return δl1[i][0 : n1]
In contrast, the backward iReLU takes the ith error of layer
l,δl[i], and the most significant bit of ul[i],ul[i][n1] as
inputs. It generates the ith error of layer l1,δl1[i]. Our
TFHE-based backward iReLU unit can be built by Algo-
rithm 2, where we first compute the negation of the most
significant bit of ul[i],ul[i][n1]. We then compute each
bit of δl1[i]by ANDing each bit of δl[i]with ul[i][n1].
If ul[i][n1] = 0,δl1[i] = δl[i]; otherwise δl1[i] =
0. An n-bit backward iReLU unit requires 1 TFHE NOT
gate without bootstrapping and n1TFHE AND gates
with bootstrapping. Our TFHE-based forward or back-
ward ReLU function takes only 0.1 second, while the BGV-
lookup-table-based activation consumes 307.9 seconds on
our CPU baseline.
TFHE MUX
[1]
[ ]
[2]
[ ]
MUX
MUX
MUX
[0: 2]
[ ]
[0]
0[0: 2] 1[0: 2]
[ ]
2[0: 2] 3[0: 2] 4[0: 2] 5[0: 2] 6[0:2] 7[0: 2]
MUX MUX MUX MUX
Figure 4: A 3-bit softmax unit.
Softmax:softmax takes n ul[i]as its input and nor-
malizes them into a probability distribution consisting of n
probabilities proportional to the exponentials of the inputs.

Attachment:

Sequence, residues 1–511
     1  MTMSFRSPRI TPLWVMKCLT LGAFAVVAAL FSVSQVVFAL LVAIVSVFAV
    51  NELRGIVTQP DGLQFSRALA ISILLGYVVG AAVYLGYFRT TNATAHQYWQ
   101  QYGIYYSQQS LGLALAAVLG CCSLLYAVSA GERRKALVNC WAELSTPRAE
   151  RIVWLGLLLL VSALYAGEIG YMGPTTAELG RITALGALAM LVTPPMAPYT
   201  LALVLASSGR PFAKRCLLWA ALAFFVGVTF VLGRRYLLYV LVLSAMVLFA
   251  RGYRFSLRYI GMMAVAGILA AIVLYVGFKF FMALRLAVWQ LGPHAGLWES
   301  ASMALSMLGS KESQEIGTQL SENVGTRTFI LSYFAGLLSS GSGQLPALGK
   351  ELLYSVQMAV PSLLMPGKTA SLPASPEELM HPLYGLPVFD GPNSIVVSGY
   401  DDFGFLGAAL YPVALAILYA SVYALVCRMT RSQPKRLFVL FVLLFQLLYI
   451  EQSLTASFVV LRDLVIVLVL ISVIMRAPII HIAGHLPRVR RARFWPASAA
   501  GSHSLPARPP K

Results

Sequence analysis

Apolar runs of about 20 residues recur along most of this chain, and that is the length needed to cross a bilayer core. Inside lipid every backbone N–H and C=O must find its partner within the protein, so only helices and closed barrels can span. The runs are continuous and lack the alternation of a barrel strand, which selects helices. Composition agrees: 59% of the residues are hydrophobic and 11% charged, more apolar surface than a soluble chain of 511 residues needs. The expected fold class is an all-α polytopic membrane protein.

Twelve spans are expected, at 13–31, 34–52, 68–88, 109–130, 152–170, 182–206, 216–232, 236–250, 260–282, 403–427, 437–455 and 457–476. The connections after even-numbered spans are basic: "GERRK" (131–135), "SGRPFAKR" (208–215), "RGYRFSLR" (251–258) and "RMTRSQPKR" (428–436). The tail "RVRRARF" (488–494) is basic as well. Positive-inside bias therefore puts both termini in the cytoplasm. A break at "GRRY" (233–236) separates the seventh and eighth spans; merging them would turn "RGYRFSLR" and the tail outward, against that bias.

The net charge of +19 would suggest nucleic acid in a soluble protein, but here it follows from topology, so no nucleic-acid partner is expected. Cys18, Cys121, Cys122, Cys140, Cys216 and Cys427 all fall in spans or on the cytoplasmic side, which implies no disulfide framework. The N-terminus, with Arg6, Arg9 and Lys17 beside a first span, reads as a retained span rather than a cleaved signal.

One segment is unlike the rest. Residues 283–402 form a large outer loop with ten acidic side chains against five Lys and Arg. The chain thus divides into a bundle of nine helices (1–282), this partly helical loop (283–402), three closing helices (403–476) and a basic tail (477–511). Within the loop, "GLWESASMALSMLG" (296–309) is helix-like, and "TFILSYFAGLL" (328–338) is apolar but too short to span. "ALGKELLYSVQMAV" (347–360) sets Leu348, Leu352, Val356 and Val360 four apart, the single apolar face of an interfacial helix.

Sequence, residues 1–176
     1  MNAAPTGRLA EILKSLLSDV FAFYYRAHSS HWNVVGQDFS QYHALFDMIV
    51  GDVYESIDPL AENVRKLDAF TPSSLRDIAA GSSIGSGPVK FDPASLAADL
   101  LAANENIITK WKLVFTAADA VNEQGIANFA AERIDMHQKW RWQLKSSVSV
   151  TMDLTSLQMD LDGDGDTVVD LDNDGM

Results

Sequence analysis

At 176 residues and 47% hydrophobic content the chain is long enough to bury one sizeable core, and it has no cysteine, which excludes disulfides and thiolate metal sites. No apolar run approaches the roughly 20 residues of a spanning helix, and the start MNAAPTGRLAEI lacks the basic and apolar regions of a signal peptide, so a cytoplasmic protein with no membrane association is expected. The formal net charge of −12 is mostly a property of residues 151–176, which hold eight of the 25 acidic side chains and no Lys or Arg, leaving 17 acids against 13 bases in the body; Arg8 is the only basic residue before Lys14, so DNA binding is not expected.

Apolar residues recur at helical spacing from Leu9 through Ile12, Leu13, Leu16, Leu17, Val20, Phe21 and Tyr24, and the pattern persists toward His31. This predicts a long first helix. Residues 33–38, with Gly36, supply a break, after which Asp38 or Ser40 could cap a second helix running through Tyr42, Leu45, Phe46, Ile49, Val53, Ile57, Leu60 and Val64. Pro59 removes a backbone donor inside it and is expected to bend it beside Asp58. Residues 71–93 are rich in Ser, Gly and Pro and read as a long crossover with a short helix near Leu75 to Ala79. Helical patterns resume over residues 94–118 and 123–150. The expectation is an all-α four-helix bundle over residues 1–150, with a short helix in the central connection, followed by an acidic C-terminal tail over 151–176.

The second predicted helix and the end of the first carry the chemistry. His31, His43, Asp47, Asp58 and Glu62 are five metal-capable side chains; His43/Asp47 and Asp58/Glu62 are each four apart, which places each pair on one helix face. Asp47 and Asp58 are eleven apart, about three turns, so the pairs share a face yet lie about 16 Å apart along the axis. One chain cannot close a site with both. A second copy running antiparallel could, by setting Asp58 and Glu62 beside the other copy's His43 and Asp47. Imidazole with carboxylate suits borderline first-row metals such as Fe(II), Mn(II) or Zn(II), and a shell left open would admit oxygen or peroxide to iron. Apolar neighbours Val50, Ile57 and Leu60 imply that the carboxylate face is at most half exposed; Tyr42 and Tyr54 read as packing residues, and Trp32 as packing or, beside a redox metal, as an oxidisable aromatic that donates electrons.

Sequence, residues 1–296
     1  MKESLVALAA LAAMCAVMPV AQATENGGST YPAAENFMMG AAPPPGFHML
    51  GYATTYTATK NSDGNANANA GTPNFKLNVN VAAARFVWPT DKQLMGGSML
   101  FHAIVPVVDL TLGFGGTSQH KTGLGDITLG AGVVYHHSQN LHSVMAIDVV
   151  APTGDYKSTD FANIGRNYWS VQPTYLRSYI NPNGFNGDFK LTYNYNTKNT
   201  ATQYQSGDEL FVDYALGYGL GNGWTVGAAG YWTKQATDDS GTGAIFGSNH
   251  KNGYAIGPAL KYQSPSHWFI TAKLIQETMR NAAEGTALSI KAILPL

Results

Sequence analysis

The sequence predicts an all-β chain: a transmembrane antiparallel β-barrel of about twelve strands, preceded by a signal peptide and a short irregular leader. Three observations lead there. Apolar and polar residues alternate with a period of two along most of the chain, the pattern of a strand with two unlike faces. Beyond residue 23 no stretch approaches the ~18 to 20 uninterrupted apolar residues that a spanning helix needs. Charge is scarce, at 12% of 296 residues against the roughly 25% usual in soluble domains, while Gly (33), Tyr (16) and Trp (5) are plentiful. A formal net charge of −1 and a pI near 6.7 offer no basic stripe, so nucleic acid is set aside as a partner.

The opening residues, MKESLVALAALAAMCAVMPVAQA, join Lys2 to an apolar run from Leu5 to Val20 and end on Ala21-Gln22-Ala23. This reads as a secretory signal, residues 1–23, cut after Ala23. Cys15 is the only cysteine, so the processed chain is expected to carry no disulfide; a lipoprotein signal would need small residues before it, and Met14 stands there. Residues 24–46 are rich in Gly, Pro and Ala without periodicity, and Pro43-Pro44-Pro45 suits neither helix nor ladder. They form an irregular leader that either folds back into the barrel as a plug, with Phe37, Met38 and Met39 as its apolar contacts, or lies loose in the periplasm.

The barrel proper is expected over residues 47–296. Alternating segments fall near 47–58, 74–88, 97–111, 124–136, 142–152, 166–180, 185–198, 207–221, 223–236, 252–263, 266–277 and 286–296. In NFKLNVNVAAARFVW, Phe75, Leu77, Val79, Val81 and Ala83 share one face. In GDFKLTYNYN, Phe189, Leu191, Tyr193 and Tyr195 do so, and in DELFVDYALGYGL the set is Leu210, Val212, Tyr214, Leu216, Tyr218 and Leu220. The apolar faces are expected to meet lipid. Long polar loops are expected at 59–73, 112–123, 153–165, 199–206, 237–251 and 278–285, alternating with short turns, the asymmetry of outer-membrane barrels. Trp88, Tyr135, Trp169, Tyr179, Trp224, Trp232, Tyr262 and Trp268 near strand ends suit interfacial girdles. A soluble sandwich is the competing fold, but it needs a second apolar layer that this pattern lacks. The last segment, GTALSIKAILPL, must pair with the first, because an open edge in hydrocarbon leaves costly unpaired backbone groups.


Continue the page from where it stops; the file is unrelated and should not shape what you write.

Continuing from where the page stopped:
The softmax activation can be described as
softmax(µl[i]) = dl[i] = eµl[i]
Σieµl[i](5)
We use TFHE homomorphic multiplexers to implement a
softmax unit shown in Figure 4, where we have 8 entries
denoted as S0S7for a 3-bit TFHE-lookup-table-based
softmax unit and each entry has 3-bit. The ith neuron ul[i]
is used to look up one of the eight entries, and the output
is dl[i]. There are two TFHE gates with bootstrapping on
the critical path of each TFHE homomorphic multiplexer.
An n-bit softmax unit requires 2nTFHE gates with boot-
strapping. Compared to BGV-lookup-table-based softmax,
our TFHE-based softmax unit reduces the activation latency
from 307.9 seconds to only 3.3 seconds. To efficiently
back-propagate the loss of softmax, FHESGD [22] uses a
quadratic loss function to reduce the computing overhead
of logarithmic operations in a cross-entropy loss function.
Our experimental results show the quadratic loss function
achieves the same test accuracy but costs much less comput-
ing overhead. So in this paper we also adopt the derivative
of quadratic loss function described as
isoftmax(dl[i], t[i]) = δl[i] = dl[i]t[i](6)